After coming under fire for comments that appeared to praise Italy’s 20th-century Fascist dictator, Benito Mussolini, European Parliament President Antonio Tajani apologised “to all those who may have been offended by what I said, which in no way intends to justify or play down an anti-democratic and totalitarian regime”.
Adding that he was “not a Fascist” Tajani had been the subject of intense criticism in the last 24 hours after saying on Italian radio that Mussolini, one of Adolf Hitler‘s closest wartime allies, had left some positive legacy in Italy before the start of World War II.
“Mussolini? Before he declared war on the entire world, following Hitler; before he introduced racial laws… he did some positive things to build infrastructure in our country,” said Tajaniduring his Radio24 interview, adding that Mussolini “built roads, bridges, buildings, sports facilities,” and reclaimed large swaths of Italy from marshes. “If we look at concrete facts, we can’t say he hasn’t achieved anything.”
Though Tajani appeared to apologise for his gaffe, he later followed to lay the blame on the media for his comments on the media. “Shame on those who manipulate what I’ve allegedly said on Fascism. I’ve always been a convinced anti-Fascist, I will not allow anyone to suggest otherwise. The Fascist dictatorship, racial laws, and deaths it caused are the darkest page in Italian and European history.”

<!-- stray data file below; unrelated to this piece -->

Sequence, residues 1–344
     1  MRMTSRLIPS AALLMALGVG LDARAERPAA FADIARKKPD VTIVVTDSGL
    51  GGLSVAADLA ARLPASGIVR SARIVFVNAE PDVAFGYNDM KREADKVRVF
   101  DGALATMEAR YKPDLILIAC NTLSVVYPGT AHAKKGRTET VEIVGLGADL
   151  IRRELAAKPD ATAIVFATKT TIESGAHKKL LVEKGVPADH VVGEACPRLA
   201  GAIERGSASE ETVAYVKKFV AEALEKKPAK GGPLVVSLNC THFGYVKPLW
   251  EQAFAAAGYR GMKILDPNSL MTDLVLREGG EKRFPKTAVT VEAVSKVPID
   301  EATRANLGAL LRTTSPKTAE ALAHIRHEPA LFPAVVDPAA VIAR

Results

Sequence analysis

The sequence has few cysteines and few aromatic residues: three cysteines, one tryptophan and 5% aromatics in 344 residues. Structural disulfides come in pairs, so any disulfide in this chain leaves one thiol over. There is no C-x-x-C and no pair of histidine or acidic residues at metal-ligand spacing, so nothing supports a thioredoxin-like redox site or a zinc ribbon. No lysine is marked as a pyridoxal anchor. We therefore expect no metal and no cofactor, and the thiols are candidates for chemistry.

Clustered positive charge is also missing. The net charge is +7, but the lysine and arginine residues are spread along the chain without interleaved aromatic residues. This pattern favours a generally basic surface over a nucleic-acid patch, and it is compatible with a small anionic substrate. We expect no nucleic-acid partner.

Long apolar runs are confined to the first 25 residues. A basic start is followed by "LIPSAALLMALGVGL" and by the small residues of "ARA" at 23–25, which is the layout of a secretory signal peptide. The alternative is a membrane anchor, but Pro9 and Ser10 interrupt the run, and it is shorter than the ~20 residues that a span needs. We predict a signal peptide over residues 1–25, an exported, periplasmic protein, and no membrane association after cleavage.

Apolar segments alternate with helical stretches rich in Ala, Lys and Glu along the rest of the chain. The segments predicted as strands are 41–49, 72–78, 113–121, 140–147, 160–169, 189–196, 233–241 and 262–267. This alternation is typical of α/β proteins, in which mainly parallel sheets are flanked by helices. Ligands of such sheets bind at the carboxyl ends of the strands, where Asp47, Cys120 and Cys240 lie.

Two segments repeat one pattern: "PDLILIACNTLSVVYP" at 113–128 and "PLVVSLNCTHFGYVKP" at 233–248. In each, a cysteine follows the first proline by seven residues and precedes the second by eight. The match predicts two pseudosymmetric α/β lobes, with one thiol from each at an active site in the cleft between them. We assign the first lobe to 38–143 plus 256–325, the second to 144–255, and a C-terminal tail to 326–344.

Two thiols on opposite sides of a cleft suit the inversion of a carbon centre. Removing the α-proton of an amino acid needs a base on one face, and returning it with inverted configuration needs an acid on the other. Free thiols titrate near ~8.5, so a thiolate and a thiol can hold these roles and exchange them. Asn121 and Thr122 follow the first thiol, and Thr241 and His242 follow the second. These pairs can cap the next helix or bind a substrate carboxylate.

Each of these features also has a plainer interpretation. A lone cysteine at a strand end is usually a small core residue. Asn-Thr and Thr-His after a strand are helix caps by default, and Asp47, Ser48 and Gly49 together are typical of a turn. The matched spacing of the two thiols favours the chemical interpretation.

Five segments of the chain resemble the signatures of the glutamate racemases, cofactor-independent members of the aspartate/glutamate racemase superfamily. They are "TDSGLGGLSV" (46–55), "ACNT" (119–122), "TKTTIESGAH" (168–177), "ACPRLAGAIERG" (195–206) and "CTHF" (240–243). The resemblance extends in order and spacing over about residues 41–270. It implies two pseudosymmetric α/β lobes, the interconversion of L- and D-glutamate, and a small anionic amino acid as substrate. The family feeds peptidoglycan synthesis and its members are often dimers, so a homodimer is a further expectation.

Tajani did admit that Mussolini was “no champion of democracy,” adding that his anti-Jewish laws were “crazy” and the declaration of war was “an act of suicide.”
The President of the Progressive Alliance of Socialists and Democrats in the European Parliament, Udo Bullman, suggested that Tajani’s quotes were “unbelievable,” wondering “how can a president of the European Parliament fail to acknowledge the nature of Fascism?”
In February, Tajani came under fire for referring to Slovenia’s Istria peninsula and the Dalmatian coast of Croatia as “Italian territory”. The former is administratively shared by Croatia, Slovenia, and Italy. It was once a part of the Venetian Republic between the 13th and 17th centuries, roughly 250 years before the founding of a unified Italian state. It was ceded to Italy from the Austro-Hungarian Empire at the end of World War I but was then handed over to the Socialist Federal Republic of Yugoslavia in 1947.
Like Istria, Dalmatia had once been a part of the Republic of Venice but had never been a constituent part of Italy at any time in its history.